MOOCs Business Models

MOOCs Business Models

Amir Manzoor (Bahria University, Pakistan)
DOI: 10.4018/978-1-4666-8279-5.ch004
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Abstract

MOOCs have grabbed the headlines and rightfully become the focal point of the disruption under way in higher education. The environment in which MOOCs and other forms of online education operate is changing virtually every day. The viral nature of MOOCs has been apparent through the rapid growth of providers, participating (significant) institutions, faculty members involved in providing courses, students enrolled, and other measures. And MOOCs are starting to exhibit the second trend desired by their startup investors: MOOCs don't seem to be going away. More courses are being added, more faculty members and students are becoming involved. While MOOCs have captured the interest of many, the business models and return on investment are still evolving. The aim of this chapter is to present an analysis of various business models being used by various MOOCs providers along with some future monetization strategies for MOOC providers.
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Introduction

MOOCs have- grabbed the headlines and become the focal point of the presently ongoing disruption in higher education. MOOCs and other forms of online education currently operate in a very dynamic environment that changing virtually every day. The viral nature of MOOCs has resulted in the rapid growth of providers, participating institutions, faculty members involved in providing MOOCs, and students enrolled. The second noticeable trend of MOOCs desirable by the investors is that MOOCs don’t seem to be going away. More courses are being added, more faculty members and students are becoming involved, and each passing day demonstrates that MOOCs are not a temporary success. Online education may truly disrupt, in unprecedented ways, more-traditional approaches to higher education (Association of Governing Boards, 2013). MOOCs have captured the interest of many. Still the MOOCs business models and return on investment are still evolving (Bernhard, Bittel, Van Der Vlies, Bettoni, & Roth, 2013).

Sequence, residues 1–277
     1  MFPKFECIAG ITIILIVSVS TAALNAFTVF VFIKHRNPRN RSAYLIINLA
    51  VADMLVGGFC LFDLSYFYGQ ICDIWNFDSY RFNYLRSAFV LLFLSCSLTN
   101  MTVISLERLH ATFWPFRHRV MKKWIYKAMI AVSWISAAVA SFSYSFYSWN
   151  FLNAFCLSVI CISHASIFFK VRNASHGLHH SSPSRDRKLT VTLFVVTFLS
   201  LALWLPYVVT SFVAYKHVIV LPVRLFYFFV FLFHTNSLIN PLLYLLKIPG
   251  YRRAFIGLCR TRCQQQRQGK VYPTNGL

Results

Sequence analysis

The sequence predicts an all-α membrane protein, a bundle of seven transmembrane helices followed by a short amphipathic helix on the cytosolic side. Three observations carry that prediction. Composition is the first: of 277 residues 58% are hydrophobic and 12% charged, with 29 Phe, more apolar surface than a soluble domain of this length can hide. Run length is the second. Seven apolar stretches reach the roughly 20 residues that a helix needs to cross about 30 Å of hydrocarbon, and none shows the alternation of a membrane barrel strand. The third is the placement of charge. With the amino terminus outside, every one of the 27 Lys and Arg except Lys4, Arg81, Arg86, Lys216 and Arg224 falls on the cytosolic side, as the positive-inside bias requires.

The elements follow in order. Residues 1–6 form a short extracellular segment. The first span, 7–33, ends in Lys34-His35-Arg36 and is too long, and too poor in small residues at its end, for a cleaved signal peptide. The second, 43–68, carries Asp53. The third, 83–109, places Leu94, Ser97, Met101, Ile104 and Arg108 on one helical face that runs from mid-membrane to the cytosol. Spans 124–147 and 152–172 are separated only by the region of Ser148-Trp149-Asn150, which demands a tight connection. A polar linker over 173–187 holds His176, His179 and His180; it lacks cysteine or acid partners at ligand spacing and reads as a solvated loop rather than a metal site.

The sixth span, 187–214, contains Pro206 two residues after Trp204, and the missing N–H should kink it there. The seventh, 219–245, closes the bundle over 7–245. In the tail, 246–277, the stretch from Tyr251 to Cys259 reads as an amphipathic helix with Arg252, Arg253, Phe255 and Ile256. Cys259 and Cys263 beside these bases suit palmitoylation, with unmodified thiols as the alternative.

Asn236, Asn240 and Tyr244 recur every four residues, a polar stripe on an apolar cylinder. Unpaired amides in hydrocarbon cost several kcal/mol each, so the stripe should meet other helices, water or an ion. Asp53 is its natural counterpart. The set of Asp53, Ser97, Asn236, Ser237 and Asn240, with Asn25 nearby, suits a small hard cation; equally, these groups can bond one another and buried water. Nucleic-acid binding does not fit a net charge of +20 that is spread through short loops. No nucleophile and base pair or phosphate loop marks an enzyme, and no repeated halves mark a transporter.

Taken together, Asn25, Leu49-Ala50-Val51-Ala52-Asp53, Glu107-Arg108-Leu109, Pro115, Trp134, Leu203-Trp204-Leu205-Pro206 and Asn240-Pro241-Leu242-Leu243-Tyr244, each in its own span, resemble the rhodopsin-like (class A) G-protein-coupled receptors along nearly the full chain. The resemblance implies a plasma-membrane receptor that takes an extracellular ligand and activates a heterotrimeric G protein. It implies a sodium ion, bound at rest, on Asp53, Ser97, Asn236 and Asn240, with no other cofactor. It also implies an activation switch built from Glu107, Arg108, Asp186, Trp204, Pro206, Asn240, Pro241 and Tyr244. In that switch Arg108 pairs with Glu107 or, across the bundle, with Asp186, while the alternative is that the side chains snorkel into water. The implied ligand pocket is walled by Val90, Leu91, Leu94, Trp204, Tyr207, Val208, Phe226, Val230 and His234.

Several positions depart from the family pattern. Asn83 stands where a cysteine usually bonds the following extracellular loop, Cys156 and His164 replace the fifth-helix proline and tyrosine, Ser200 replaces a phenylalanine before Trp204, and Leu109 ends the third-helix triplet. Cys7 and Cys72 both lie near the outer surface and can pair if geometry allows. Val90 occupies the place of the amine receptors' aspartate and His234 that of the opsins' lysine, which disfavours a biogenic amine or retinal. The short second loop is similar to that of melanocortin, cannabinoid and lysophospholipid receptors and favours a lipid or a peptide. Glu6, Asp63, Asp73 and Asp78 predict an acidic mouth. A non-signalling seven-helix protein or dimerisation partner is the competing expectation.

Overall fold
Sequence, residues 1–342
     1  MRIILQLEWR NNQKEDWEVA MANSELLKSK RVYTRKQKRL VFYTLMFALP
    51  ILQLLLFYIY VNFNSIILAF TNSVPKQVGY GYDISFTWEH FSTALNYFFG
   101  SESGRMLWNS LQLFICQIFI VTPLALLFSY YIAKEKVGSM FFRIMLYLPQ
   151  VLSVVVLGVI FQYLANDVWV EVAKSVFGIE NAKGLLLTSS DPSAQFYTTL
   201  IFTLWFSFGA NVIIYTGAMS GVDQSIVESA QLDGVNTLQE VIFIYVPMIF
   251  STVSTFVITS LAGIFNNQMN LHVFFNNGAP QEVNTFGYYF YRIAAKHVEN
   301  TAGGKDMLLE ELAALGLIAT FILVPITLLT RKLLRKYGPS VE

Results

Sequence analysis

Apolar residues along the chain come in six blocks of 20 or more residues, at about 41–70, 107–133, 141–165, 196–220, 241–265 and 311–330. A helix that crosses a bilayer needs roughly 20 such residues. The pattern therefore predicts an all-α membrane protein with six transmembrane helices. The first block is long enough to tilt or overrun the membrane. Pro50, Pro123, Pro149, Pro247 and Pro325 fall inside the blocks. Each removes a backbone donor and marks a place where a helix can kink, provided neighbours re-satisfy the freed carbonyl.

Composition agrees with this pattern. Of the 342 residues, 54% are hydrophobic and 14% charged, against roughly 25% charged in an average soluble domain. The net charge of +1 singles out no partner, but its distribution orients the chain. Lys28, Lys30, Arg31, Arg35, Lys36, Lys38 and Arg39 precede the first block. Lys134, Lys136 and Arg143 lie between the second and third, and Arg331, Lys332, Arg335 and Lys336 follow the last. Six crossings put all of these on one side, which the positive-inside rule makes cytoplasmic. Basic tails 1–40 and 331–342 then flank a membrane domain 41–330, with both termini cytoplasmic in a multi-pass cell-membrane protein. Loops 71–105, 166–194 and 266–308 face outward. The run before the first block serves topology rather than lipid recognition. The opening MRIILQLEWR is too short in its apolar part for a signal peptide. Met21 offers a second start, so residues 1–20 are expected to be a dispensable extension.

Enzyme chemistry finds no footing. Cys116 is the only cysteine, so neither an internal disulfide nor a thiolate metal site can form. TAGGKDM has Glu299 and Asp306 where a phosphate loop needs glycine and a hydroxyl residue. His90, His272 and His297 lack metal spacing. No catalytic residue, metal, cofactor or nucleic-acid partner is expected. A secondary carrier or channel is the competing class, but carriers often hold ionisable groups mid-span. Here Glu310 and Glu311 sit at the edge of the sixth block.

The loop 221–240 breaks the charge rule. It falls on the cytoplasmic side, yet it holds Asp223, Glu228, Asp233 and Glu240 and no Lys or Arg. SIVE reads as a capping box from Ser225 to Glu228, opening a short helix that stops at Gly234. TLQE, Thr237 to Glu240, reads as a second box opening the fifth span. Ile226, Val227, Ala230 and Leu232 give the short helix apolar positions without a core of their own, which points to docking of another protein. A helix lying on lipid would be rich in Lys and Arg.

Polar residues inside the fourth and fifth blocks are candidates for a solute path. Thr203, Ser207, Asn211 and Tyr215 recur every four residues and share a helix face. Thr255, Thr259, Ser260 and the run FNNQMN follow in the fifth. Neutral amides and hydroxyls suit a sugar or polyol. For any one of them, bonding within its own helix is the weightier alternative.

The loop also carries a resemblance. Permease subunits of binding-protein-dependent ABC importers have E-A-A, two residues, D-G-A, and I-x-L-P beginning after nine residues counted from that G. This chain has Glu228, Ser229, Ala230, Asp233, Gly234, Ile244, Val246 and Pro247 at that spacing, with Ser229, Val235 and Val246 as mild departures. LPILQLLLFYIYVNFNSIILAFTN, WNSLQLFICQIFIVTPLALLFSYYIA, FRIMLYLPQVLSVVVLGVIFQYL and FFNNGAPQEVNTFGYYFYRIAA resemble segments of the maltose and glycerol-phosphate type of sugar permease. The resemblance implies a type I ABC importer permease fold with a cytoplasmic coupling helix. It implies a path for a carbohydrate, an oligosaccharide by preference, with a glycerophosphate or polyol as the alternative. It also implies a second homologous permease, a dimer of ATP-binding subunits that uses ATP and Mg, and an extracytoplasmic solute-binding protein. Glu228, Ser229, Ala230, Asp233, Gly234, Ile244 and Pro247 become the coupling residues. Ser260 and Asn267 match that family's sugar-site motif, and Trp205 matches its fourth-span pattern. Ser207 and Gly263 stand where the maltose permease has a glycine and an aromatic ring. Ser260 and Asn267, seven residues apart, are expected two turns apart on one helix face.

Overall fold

Marketing is one key motivation why any university would give away free what it has traditionally charged tuition. The first-movers in MOOC revolution, such as Harvard, Stanford, and Massachusetts Institute of Technology (MIT), are American universities. These universities are attempting to re-brand themselves as global universities, expanding their reach to a very large number of new students in hundreds of countries around the globe. A report on the future of universities in Australia predicts MOOCs and similar trends mean, “the likely outcome of the next 10-15 years is the emergence of a small number of elite, truly global university brands” (Ernst & Young, 2012, p. 10). Marketing is also a key motivation for some institutionally supported MOOC providers such as Open2Study. Open2Study delivers MOOCs with explicit links to degrees offered by Open University Australia members on each course page (Hare, 2013). Social altruism is a second reason. Coursera describes itself as a social entrepreneurship company that “envisions a future where everyone has access to a world-class education that has so far been available to a select few” (About Coursera, n.d.). Coursera, edX and their partner institutions promote stories of MOOC learners in many developing countries (such as India) who are benefiting from a university education, learning which is highly restricted or unavailable in their home countries (Viehland, 2014).

The aim of this chapter is to present an analysis of various business models being used by various MOOCs providers along with some future monetization strategies for MOOC providers.

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